A casual search of the internet for blogs about hiking will yield a hell of a lot of results. 96 million to be exact. A lot of the blogs will be casual bloggers who are sharing their passion for the great outdoors.
Some will be professional writers who have done the research and asked the experts.
However, the one thing that they all seem to have in common is, the number one thing on their lists to consider before going hiking is: planning.
We’re inclined to agree. No matter what your chosen sport or pursuit may be, planning is everything.
When it comes to hiking the first consideration should always be your feet.
Yes, it’s important to have the right base layers and jacket but your feet are what’s going to get you there. And - if you’ve looked after them - what’ll get you home again.
Before you start buying up boots, socks or whatever else you need for your trip you need to ask yourself some fundamental questions.
What conditions are you hiking in? Some materials fair better in some conditions over others.
Where are you hiking? Ground conditions will dictate a lot, including the kind of footwear you’re buying.
How long do you intend for the walk to last?
Do you have any orthopaedic or medical conditions - especially ones relating to blood flow?
Do your socks always wear in the same place? This could be a sign of poorly fitting footwear or poor foot care. This will need addressing before you get into nature.
It’s important to understand that not every pair of socks or shoes is suitable for every kind of outdoor activity. In exactly the same way that not every pair of running shoes is suitable for take part in a marathon.
Go Wool or Go Home
It’s no surprise that we champion wool socks, after all we do sell them. But we do so for good reason.
Hiking - like most outdoor pursuits - is pretty hard going on your feet and if you don’t take care of them you could find yourself a long way from home and in no fit state to walk back.
When it comes to taking on nature you need to make sure your feet are comfortable. That usually means, depending on the time of year, warm and sweat free (staying dry isn’t always possible).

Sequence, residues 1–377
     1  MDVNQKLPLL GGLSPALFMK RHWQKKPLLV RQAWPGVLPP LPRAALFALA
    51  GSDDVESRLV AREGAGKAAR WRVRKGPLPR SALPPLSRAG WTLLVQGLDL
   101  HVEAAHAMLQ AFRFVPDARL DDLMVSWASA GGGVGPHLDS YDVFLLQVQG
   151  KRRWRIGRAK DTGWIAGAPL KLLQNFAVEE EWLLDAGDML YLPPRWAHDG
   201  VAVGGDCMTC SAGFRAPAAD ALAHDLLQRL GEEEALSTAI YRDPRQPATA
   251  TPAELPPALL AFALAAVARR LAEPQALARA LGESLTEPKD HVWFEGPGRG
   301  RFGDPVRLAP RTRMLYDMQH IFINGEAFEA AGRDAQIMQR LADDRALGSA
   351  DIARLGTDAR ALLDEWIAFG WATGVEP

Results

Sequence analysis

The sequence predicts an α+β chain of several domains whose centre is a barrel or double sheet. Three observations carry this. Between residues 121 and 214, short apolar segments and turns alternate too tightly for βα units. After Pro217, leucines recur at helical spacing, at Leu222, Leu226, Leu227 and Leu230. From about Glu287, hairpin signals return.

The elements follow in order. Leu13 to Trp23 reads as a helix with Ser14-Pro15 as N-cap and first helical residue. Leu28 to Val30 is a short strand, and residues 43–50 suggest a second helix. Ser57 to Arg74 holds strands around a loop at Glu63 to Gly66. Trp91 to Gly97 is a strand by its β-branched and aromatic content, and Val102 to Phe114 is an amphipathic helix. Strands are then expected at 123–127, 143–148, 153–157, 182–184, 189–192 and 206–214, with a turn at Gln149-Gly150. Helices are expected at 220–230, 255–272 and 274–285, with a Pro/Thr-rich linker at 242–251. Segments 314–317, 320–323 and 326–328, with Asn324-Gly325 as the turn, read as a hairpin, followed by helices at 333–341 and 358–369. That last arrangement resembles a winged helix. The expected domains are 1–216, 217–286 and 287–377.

Your footwear will play a part in how your feet respond to conditions too but a reliable pair of wool socks will serve you in very good stead indeed.
And here’s why:
Wool is hard wearing. This is good for your feet because it can take the punishment your excursions will dish out. That’s a pretty basic requirement that not all socks will live up to.
You need to protect your feet from whatever you put them through. Anyone who has served in the armed forces or who enjoy sports like airsoft can similarly attest to the benefits of socks that won’t give up after a few wears.
Ruined feet are bad news.
Wool is comfortable. Well, socks made from possum or merino wool are comfortable. Unbelievably so.
Comfort is pretty important if you’re planning a day (or more) of hiking. Discomfort usually means something is rubbing and that means blisters.
Blisters may not seem that big a deal but any experienced hiker will tell you - when you’re a long way from home and you’ve got to walk back, it’s a real problem.
Ruptured blisters are prone to infections which can spread and - in some cases - cause sepsis.
So blisters are a serious consideration.
Wool is breathable. The nature of wool allows air and vapour to pass through it which prevents your feet from getting sweaty.
Dry feet don’t slip in their socks - minimising the risk of blisters further. It also prevents any fungal spores from taking root because they don’t have the moisture needed to grow.
The nature of wool also means that your feet are kept warm in the winter and cool in the summer.